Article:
Sunday, 13 January 2019

Craft Beer Predictions for 2019

Like most predictive posts, this one has serious belief twinged with hyperbolic projection. Nonetheless, I thought I'd share some of my visions of the coming year in craft beer.

Prediction 1: People will start to realize that milkshakes and bruts are no substitute for the hazy successor to the American IPA.

It ain't really about the haze, it's about the juice, but NEIPA aren't going anywhere. Brut and Milkshakes though? I know very few people who even like these styles at all or much, and certainly nowhere near the numbers of those who <3 the West Coast and New England versions of the American IPA. Yeah, maybe I just want milkshakes to die, and maybe they won't entirely. Nonetheless, though, I maintain that in five years we'll look back on them as we currently reflect on the Black IPA - even though those were far superior to all but the best milkshakes.

Prediction 2:  Before the milkshake madness ends, someone will brew a milkshake zwickel/keller/kölsch or some equally ridiculous nonsense contaminating a clean and/or Reinheitsgebot style.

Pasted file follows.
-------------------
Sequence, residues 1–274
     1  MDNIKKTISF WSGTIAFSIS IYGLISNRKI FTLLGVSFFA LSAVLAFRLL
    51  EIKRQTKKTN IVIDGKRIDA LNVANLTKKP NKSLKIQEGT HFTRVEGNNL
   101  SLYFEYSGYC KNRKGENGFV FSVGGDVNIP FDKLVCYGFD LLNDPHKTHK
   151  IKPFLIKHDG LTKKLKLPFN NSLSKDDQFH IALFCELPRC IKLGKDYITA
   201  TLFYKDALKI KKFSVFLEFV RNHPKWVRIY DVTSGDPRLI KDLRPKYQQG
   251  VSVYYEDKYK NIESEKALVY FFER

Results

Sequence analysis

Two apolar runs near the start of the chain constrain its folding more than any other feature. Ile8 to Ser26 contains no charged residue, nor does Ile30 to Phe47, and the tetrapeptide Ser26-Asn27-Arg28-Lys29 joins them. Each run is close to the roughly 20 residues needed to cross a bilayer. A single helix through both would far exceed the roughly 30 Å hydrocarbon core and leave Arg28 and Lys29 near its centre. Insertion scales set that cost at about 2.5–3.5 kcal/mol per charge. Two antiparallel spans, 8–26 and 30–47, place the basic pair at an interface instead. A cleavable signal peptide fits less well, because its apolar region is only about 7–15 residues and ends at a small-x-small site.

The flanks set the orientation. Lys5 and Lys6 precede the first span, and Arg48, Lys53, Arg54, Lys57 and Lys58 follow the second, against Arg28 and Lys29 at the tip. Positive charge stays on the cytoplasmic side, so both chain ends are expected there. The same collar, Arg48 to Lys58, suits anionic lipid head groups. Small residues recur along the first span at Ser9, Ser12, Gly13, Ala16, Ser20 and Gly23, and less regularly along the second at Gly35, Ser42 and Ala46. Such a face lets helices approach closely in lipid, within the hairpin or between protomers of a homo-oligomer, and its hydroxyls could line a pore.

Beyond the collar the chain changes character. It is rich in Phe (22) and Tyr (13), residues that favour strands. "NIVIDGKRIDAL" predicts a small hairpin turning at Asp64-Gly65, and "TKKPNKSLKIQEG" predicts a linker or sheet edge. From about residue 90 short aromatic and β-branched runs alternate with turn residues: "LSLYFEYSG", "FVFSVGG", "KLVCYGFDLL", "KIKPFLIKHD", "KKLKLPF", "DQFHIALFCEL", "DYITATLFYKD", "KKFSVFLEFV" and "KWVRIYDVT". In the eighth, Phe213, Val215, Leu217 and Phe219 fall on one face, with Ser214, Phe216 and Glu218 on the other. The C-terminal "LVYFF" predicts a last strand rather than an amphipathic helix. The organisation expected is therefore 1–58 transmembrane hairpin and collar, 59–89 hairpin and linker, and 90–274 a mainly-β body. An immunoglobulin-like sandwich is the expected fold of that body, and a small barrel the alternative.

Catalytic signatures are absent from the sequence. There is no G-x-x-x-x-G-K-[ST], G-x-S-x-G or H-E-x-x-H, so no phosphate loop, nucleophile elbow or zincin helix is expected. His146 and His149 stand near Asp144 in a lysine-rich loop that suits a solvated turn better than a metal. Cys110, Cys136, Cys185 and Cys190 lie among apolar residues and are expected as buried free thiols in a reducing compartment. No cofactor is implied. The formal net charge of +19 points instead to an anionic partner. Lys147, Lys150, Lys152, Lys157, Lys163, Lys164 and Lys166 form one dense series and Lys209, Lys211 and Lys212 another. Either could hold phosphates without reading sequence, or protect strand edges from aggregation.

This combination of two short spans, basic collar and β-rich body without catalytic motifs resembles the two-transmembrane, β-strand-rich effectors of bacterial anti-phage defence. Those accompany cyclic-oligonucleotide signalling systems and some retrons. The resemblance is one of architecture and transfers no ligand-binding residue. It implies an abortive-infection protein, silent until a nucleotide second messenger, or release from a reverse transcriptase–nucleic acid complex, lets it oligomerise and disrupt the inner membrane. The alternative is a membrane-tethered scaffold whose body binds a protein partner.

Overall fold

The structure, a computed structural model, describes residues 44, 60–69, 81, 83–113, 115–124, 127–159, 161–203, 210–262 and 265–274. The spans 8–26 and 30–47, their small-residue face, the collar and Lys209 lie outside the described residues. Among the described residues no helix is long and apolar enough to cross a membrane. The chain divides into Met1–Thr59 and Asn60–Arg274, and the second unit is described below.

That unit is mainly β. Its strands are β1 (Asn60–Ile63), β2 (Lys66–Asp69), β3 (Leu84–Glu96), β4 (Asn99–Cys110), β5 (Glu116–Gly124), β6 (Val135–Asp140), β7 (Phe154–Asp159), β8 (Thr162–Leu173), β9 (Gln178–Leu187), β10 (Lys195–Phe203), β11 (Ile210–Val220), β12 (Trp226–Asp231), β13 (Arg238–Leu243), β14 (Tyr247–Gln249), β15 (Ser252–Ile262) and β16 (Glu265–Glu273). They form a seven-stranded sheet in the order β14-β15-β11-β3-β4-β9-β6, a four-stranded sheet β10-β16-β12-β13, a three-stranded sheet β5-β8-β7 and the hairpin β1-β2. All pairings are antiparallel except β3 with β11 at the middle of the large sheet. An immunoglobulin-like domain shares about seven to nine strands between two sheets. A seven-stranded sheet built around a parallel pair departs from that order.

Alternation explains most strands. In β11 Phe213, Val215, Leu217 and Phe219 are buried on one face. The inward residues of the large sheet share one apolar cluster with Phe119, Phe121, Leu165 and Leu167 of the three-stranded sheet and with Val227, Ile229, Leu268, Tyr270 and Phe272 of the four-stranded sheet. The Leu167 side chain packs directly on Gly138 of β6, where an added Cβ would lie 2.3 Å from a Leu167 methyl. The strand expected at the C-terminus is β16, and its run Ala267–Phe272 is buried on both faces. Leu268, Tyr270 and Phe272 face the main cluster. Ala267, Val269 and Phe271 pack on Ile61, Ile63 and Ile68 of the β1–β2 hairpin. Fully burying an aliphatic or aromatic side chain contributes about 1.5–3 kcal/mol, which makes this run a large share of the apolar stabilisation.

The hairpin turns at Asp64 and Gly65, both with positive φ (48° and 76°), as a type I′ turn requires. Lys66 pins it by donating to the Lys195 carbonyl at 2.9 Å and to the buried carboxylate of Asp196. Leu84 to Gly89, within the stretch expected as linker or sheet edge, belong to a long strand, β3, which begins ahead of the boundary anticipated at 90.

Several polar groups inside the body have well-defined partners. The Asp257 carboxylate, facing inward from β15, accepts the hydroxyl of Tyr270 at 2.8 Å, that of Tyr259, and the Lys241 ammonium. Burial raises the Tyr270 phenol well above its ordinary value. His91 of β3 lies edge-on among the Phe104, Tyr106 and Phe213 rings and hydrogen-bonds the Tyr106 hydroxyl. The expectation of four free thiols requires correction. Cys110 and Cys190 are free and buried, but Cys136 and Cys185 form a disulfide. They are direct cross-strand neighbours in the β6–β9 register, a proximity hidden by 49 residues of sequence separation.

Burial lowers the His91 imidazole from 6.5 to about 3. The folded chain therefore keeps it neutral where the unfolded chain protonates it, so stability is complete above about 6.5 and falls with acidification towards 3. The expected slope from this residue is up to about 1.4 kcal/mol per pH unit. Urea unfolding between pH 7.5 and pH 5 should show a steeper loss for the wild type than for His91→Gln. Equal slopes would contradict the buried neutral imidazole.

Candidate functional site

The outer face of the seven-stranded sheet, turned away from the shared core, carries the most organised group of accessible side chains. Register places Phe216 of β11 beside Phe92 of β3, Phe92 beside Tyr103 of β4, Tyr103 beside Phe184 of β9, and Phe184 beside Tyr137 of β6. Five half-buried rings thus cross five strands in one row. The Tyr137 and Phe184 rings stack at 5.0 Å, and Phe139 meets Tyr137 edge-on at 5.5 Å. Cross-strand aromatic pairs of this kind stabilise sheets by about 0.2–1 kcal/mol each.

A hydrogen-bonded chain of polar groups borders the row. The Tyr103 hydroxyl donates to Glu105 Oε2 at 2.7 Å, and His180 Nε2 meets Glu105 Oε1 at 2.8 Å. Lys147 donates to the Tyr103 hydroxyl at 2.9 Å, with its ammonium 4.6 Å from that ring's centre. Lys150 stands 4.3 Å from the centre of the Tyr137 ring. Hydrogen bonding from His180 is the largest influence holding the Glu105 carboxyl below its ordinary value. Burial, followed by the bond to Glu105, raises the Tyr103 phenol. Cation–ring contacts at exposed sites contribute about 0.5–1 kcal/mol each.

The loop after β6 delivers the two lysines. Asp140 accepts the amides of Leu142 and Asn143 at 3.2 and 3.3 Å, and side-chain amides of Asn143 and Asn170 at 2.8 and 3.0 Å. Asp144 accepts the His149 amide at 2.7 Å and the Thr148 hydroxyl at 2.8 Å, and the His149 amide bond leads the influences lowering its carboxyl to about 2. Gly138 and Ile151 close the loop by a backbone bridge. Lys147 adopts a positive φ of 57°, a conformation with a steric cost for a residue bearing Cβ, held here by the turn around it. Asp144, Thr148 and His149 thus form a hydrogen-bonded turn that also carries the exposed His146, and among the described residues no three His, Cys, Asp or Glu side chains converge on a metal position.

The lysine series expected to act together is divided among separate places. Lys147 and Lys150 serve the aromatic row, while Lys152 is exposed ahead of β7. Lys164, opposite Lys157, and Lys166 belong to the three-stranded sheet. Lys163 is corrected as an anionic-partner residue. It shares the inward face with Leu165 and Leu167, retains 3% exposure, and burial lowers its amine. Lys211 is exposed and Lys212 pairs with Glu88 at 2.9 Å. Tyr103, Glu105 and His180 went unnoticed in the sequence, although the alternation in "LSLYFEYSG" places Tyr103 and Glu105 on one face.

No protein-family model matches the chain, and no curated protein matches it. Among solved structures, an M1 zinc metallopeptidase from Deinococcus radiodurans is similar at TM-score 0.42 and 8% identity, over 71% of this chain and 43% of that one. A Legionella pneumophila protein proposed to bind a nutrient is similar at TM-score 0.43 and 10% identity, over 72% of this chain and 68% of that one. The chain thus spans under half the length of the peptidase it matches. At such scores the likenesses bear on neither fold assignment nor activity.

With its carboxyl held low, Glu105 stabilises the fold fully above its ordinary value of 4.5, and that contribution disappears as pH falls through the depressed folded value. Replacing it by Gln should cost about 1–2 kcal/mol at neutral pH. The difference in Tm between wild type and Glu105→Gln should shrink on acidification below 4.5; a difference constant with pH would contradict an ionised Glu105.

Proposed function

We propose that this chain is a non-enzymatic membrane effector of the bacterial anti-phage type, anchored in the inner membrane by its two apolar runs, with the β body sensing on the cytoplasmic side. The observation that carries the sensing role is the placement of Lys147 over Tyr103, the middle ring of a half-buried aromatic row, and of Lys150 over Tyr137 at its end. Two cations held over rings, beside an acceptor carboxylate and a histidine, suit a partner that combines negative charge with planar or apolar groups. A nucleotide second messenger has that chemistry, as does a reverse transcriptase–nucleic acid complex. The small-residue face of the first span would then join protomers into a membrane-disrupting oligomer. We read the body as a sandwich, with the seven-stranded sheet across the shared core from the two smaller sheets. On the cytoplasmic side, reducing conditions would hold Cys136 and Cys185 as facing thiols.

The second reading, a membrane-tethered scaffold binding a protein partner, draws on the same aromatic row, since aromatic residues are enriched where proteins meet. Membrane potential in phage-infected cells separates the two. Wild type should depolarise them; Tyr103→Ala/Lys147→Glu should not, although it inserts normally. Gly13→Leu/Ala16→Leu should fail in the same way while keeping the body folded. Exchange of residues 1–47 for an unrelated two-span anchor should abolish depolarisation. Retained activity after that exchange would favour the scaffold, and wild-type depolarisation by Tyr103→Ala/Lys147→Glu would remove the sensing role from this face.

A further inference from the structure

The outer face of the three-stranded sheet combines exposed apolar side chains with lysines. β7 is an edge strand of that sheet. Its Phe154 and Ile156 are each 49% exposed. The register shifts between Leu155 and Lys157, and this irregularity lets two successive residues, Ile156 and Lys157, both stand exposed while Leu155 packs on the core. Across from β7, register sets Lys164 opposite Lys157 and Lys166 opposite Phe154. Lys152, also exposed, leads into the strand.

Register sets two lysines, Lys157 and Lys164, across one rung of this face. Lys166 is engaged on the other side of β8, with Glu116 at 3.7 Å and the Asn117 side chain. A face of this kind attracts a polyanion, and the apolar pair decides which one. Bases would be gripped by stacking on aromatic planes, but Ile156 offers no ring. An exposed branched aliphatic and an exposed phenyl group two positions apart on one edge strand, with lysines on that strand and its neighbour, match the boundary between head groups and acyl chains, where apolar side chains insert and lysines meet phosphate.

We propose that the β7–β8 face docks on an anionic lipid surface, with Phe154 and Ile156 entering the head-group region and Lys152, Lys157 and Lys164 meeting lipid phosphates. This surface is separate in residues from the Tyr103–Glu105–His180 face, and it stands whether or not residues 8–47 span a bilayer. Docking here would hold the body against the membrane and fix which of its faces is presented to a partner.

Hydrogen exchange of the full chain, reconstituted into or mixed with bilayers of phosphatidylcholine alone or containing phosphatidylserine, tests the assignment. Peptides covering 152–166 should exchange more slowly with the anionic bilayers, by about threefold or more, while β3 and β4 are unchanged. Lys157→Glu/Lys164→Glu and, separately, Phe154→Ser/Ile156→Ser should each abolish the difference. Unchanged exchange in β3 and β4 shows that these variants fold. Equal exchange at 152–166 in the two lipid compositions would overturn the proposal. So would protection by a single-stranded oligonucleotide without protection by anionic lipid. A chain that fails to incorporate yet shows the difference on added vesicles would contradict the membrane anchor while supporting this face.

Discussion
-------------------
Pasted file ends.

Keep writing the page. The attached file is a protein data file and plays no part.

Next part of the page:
I mean, it may well be a DDH zwickel (or gruit?!?!) or some other wacky pursuit of the new, but it will be a failure nonetheless.

In fact, it's likely to come from some brewery who pumps out 700 new beers annually rather than perfecting a current one.

Yeah, this prediction is half facetious... but only half. I mean, how far from beer can we go? How far from style? (Don't get me wrong of course: it is in innovation and transformation that new styles are born and I truly applaud this when done thoughtfully.) As much as I abhor sounding like those non-craft drinkers who lament craft beer for allegedly 'not tasting like beer' (when they have no historical understanding of the styles that predate their beloved corn-syrup-fueled race-to-the-bottom macro lager), but how far from beer will we go? Can we simply make good beer, not weird limited beer and try to focus on that?

Speaking of which...


Prediction 3: Brasserie Auval will release yet another great beer, alongside several decent but immensely overvalued ones.


While brewmaster Ben Couillard is an excellent brewer and while all of his products are at least solid (though I am not sure I understand Braggot or even Double Nordet), there is no perfect brewer. Yes, even Shaun Hill and Jean Van Roy have released products below their legendary bests.

Auval has some tremendous beers (*cough* Trifolium, Nordet, Grisettes *cough*) and the rest are generally good to very good (saisons, fruited sours, Super A), while a few are simply fine. They certainly beat many a shelf beer, even at their worst, yet that gets to the crux of the matter: the fact that they aren't found on shelves in Quebec's largest market converges nicely with a trend in craft beer that I hate - the ongoing pursuit of the rarest/newest beer over the best.